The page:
World Bank to invest $15 billion to boost human capital in Africa
The objective of the World Bank’s African Human Capital Plan is to enable Africa’s young people to grow up with optimal health and equipped with the requisite skills to compete in the global digital economy.
The World Bank has unveiled a new plan to help African countries strengthen their human capital. The objective of the World Bank’s African Human Capital Plan, released today, is to enable Africa’s young people to grow up with optimal health and equipped with the requisite skills to compete in the global digital economy.
Human capital is the stock of a population’s knowledge, skills, experience and health. The 2018 World Bank’s Human Capital Index (HCI), which measures how well countries invest in the next generation of workers, shows that Sub-Saharan Africa (SSA) has the lowest human capital. This is as a result of the high mortality and stunting rates in the region, as well as inadequate student learning outcomes, all of which have a direct effect on economic productivity.
According to the HCI, the top 10 countries with the least human capital score are Chad (0.29), South Sudan (0.30), Liberia (0.32), Mali (0.32), Niger (0.32), Nigeria (0.34), Côte d’Ivoire (0.35), Mauritania (0.35), Sierra Leone (0.35), and Angola (0.36).
The World Bank said it will increase its investment in human capital in Africa by 50 per cent in the next funding cycle. This includes new grants and concessional finance for human capital projects in Africa, totalling $15 billion in fiscal years 2021-2023. These investments will be used to unlock structural constraints to human capital development in the region.
By 2023, the plan aims to achieve its targets, which include a reduction in child mortality, averting stunting among 11 million children and increasing learning outcomes for girls and boys in school by 20 per cent. Achieving these targets, according to the Bretton Wood institution, can raise Africa’s HCI score, thereby increasing the productivity of future workers by 13 per cent.
Speaking at the launch of the plan during the World Bank and the International Monetary Fund’s Spring Meetings 2019, Hafez Ghanem, World Bank’s Vice President for Africa, said, “Preventing a child from fulfilling his or her potential is not only fundamentally unjust, but it also limits the growth potential of economies whose future workers are held back. GDP per worker in Sub-Saharan Africa could be 2.5 times higher if everyone were healthy and enjoyed a good education from pre-school to secondary school.”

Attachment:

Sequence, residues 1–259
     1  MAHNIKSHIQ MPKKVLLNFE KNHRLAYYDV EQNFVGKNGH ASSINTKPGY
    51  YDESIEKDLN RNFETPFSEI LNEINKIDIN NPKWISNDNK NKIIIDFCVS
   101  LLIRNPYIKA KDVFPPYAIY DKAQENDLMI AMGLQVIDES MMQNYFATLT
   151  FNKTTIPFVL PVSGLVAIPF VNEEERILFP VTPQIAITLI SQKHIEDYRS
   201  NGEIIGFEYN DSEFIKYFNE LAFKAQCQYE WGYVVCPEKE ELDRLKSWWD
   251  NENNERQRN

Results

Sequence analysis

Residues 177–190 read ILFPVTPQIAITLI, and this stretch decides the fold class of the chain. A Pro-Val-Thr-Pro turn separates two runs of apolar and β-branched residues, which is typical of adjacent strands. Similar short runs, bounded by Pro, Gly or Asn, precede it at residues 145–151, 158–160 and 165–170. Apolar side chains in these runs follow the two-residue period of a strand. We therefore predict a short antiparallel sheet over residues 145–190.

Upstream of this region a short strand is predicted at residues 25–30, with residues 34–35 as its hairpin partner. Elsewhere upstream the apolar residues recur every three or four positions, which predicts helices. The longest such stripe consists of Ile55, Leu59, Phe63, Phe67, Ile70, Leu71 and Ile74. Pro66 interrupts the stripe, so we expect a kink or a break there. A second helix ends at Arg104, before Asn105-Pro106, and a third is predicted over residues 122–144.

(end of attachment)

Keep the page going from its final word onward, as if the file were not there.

The World Bank launched the Human Capital Project in 2018 as a global effort designed to accelerate the accumulation of human capital by encouraging more effective policies and investments. The project places special emphasis on working with SSA countries to help them meet their human capital goals. According to the statement, investing in Africa’s people is central to ensuring the continent’s prosperity and its full participation in global markets.
The World Bank said 23 African countries have joined a coalition of nearly 60 countries in the Human Capital Project, committing to a set of accelerated investments in their human capital. According to the statement, the World Bank will also target game-changing interventions that leverage technology and innovation and that prevent and reverse damage to human capital in fragile and conflict-affected settings.
“Human Capital Project countries are breaking away from traditional paradigms to make investments in their people a priority and are working in a more coordinated way across governments to ensure that households have the right enabling environment to support human capital formation,” said Annette Dixon, Vice President for Human Development at the World Bank.
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